As I listen, I wonder if I should let music and plot remain comfortably separate. The loveliness of Mozart’s music makes complacency tempting; it would be easy not to think too much about the piece’s implications in the world outside the opera house. Oriented only by beauty, my moral compass wavers. Maybe yours does, too. Listening to one delightful melody after another puts me at ease; the artistry conceals the ugliness of sexism. But is there something amiss when we admire the opera’s beauty, regardless of what it cloaks? Can we meaningfully separate our listening selves from our broader ideals and beliefs? 

Hanna Hipp (Dorabella) and Marjukka Tepponen (Fiordiligi), Seattle Opera, Così fan tutte 2018, © Philip Newton
These questions are not unique to Cosi. Related issues arise across the standard opera repertoire, from Madame Butterfly’s Orientalism to Otello’s racism to Don Giovanni’s sexual violence. Each work prompts the question of what to do when the world an opera depicts is out of sync with contemporary values. But the music and story intermingle in complicated ways. With Cosi, the contrast between a superficial storyline and musical depth actually heightens the potential for complexity. Mozart’s music invites me to come closer, to listen more intently. When I do that, I find that I grapple with this opera’s sexism—beyond simply noting its presence—and I see new nuances in the characters and new relationships between the opera and our own time. 

Take the relationship between Fiordiligi and Ferrando, for instance. When Fiordiligi sings the majestic aria “Come scoglio,” her expansive vocal range conveys the depth of her convictions; no one could mistake this music as insincere. Another way to say this might be that while the male characters are having fun at the expense of the women, the music is not. Later, she reluctantly capitulates to Ferrando’s advances (“Yield, my dearest!”…“Cruel man, you’ve won! Do with me what you will”). The moment feels eerily resonant with the stories that have dominated the news lately—accounts of powerful men, from actors to politicians, who take advantage of vulnerable women. Against this contemporary backdrop, my response isn’t to tsk-tsk Fiordiligi for her unfaithfulness. I’m infuriated by Ferrando’s cruelty and Fiordiligi’s inability to escape it. Listening in this way makes me wonder if the claim “Così fan tutte” is anything more than a cynical provocation. When Alfonso, Ferrando, and Guglielmo sing it near the opera’s end, enclosed in boldly stated chords, they certainly try to make it sound definitive, but I don’t have to accept it as such.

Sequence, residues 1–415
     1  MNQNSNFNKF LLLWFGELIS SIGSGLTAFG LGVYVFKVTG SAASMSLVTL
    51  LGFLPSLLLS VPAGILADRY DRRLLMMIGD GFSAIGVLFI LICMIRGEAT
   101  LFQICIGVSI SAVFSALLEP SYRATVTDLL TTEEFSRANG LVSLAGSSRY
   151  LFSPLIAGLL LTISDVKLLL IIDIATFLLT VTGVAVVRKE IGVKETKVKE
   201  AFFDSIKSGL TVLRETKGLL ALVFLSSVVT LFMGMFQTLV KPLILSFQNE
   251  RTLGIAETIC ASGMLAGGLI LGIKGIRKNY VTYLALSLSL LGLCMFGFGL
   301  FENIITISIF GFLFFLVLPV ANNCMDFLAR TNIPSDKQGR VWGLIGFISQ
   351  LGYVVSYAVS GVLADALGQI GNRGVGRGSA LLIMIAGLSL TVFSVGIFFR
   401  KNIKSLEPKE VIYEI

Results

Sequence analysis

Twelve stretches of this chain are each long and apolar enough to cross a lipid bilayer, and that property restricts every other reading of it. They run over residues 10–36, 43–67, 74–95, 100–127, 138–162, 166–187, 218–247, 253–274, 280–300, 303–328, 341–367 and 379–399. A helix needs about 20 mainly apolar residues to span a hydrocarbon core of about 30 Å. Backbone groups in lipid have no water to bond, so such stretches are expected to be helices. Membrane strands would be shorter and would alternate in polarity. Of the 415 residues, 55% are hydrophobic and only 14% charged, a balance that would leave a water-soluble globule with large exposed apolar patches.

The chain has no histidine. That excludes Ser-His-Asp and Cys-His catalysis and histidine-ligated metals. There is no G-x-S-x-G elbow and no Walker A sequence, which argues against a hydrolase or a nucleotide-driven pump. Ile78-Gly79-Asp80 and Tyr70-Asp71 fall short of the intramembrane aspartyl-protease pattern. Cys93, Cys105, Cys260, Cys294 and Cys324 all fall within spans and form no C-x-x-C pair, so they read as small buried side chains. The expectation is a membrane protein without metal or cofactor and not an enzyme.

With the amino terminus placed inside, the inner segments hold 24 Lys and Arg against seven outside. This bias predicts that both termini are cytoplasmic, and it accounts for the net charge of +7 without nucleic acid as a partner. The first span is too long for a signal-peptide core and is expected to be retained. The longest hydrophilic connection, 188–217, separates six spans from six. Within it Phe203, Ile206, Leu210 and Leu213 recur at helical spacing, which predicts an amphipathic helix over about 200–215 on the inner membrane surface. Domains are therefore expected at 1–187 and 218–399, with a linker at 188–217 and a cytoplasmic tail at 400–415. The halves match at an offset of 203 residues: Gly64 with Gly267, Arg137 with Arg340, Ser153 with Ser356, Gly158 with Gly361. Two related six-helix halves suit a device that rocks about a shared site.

Modern stagings and interpretations, like this one, bring all sorts of creative possibilities to the fore. They allow the opera itself to try on disguises, as it were, to experiment with different facets of its identity. This production, set in contemporary Seattle, embraces Cosi’s obsession with creativity and costumes; comical touches show us how even the men who think they’re all-powerful end up looking a bit ridiculous. 

Ultimately, one of Cosi’s signature revelations is that what seem like fundamental splits—between men and women, music and words, art and audience, the world outside the opera house and the world within it—are never as absolute as they appear. Art and artifice may distance us temporarily from outside realities, but they don’t make those realities disappear. So I want to resist both the temptation to excuse Cosi’s sexism in the name of art and the temptation to let that sexism ruin an opera that I otherwise love. Instead, I’ll embrace the opera’s ability to do what all great works of art do: to bridge the divide between its world and our own, revealing something profound in the process. 

Lucy Caplan is a Ph.D. candidate at Yale University, where she is writing a dissertation on African American opera in the early twentieth century. She is the recipient of the 2016 Rubin Prize for Music Criticism. 

Così fan tutte plays at McCaw Hall through January 27. Tickets and information at